People always say, “I just want to be happy.” OK, no kidding: Most of us do. But, what makes you happy? What did you used to do before chronic pain became the center of your life? Dig down deep, and I don’t care if you have to dig back into your formative years when you used to love to color. Get yourself a coloring book and start coloring — they make awesome ones for adults now. Whatever takes your mind away from pain, aside from illegal activities (joking, for the most part) do it! There should be no shame in your game. This is a process, and if you have the expectation that distracting your mind from pain will be the answer right away, you are going to be very disappointed.

Nutrition: I just started simple. I stopped eating crap. When I first began eating healthy, I used to buy Lean Cuisines and have one every night. I was also single at the time and never cooked once in my life. Now, I enjoy cooking and making healthy meals, especially for my daughter who to this day hates sugar — now that I do not understand. You can make nutrition fun: I never thought I would say that, but now it is a huge passion of mine. Try and not overthink it. I eat as healthy as I can and work on portion control and make sure I am getting fruits, vegetables and protein. I am from New Jersey, very close to Philadelphia. I love cheesesteaks, but I only have one on a special occasion. There is a lot of truth to the saying: “We are what we eat” or “Eat a bagel, feel like a bagel.”

Sleep: I get it, it is very difficult to sleep when you have chronic pain — sometimes impossible. If you are like me, you continuously look at the clock while trying to sleep, counting down how many hours you may or may not get. Put that clock away. Put it in a drawer and stop looking at the time. On the nights I cannot sleep (a living hell, I get that) I practice yoga nidra the next day. It helps immensely.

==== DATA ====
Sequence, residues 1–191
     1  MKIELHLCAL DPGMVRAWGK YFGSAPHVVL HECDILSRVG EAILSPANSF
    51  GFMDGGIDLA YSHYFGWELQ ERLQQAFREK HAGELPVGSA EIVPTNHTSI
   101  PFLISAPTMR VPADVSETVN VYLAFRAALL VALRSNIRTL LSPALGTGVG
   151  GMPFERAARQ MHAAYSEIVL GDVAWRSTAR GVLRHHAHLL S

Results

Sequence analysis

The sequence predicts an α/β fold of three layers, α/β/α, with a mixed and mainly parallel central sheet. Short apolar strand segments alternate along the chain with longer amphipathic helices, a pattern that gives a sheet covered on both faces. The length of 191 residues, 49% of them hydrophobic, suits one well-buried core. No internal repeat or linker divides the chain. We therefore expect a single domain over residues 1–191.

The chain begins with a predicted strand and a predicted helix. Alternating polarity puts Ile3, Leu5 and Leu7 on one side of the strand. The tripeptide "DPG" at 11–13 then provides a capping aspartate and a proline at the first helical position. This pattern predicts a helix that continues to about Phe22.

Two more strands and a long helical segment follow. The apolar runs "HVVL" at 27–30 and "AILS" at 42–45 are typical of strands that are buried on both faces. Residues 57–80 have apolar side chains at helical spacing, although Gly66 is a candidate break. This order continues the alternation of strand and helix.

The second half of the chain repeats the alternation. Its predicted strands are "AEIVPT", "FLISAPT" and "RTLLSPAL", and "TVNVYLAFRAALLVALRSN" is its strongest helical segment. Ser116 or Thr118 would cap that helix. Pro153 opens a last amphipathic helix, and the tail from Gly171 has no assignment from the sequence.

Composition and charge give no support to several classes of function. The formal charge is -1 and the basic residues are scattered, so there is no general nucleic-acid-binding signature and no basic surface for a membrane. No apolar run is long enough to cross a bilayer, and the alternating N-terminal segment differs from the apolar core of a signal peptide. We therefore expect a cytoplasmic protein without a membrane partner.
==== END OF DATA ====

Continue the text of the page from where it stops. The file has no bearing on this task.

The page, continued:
These are just some of the ways I manage pain naturally. I beg you to not expect an outcome. Just consider starting slow and seeing what happens.

Editor’s note: Any medical information included is based on a personal experience. For questions or concerns regarding health, please consult a doctor or medical professional.

If you or someone you know needs help, please visit the National Suicide Prevention Lifeline. You can also reach the Crisis Text Line by texting “START” to 741-741. Head here for a list of crisis centers around the world.

The Crisis Text Line is looking for volunteers! If you’re interesting in becoming a Crisis Counselor, you can learn more information here.

Follow this journey on No One Gets Flowers for Chronic Pain.

The Mighty is asking the following: What’s the hardest thing you deal with as someone with a chronic illness, and how do you face this? What advice and words of support would you offer someone facing the same thing? If you’d like to participate, please send a blog post to Please include a photo for the piece, a photo of yourself and 1-2 sentence bio. Check out our Submit a Story page for more about our submission guidelines.

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Originally published: April 7, 2016